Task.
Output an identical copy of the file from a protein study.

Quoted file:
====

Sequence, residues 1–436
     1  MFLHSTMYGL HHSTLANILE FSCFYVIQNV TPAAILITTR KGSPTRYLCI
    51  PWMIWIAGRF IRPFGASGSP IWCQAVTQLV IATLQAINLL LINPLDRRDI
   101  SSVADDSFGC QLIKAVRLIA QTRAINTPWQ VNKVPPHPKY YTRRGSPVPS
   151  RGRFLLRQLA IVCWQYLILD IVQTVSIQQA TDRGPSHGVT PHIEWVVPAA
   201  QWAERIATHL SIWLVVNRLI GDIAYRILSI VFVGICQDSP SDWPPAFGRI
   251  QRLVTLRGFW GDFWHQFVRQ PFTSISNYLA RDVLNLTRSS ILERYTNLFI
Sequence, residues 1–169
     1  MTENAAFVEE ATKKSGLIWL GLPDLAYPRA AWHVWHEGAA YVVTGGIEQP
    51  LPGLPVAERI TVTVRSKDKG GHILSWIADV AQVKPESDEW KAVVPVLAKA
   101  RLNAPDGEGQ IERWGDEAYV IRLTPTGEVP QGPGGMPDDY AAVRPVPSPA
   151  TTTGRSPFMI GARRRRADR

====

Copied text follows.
Sequence, residues 1–436
     1  MFLHSTMYGL HHSTLANILE FSCFYVIQNV TPAAILITTR KGSPTRYLCI
    51  PWMIWIAGRF IRPFGASGSP IWCQAVTQLV IATLQAINLL LINPLDRRDI
   101  SSVADDSFGC QLIKAVRLIA QTRAINTPWQ VNKVPPHPKY YTRRGSPVPS
   151  RGRFLLRQLA IVCWQYLILD IVQTVSIQQA TDRGPSHGVT PHIEWVVPAA
   201  QWAERIATHL SIWLVVNRLI GDIAYRILSI VFVGICQDSP SDWPPAFGRI
   251  QRLVTLRGFW GDFWHQFVRQ PFTSISNYLA RDVLNLTRSS ILERYTNLFI
Sequence, residues 1–169
     1  MTENAAFVEE ATKKSGLIWL GLPDLAYPRA AWHVWHEGAA YVVTGGIEQP
    51  LPGLPVAERI TVTVRSKDKG GHILSWIADV AQVKPESDEW KAVVPVLAKA
   101  RLNAPDGEGQ IERWGDEAYV IRLTPTGEVP QGPGGMPDDY AAVRPVPSPA
   151  TTTGRSPFMI GARRRRADR